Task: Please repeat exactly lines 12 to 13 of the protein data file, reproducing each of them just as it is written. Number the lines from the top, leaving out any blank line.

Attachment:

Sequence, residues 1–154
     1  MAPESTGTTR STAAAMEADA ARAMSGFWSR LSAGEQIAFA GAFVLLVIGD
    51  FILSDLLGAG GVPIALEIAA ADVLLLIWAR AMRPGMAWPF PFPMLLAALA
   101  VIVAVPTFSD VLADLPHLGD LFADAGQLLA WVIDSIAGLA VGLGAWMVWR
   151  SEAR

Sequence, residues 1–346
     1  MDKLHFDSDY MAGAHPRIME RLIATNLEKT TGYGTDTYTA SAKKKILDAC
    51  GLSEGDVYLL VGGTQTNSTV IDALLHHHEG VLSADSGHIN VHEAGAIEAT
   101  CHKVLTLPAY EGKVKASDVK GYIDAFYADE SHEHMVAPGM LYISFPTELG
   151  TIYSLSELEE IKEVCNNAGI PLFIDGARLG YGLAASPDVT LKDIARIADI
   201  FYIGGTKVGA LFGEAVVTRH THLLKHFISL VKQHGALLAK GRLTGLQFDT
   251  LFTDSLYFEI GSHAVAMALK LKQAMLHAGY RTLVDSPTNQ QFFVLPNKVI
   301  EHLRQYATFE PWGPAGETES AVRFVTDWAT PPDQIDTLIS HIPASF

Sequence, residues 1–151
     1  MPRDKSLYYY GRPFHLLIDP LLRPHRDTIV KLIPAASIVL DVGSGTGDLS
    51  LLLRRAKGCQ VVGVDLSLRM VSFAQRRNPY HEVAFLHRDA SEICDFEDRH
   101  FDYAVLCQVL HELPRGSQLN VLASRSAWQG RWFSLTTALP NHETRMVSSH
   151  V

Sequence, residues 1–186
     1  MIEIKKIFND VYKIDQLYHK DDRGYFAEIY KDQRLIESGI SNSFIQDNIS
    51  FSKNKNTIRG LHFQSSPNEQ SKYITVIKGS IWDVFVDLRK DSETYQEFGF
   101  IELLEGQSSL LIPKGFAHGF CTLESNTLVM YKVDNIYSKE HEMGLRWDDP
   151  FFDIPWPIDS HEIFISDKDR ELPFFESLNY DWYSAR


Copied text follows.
   251  LFTDSLYFEI GSHAVAMALK LKQAMLHAGY RTLVDSPTNQ QFFVLPNKVI
   301  EHLRQYATFE PWGPAGETES AVRFVTDWAT PPDQIDTLIS HIPASF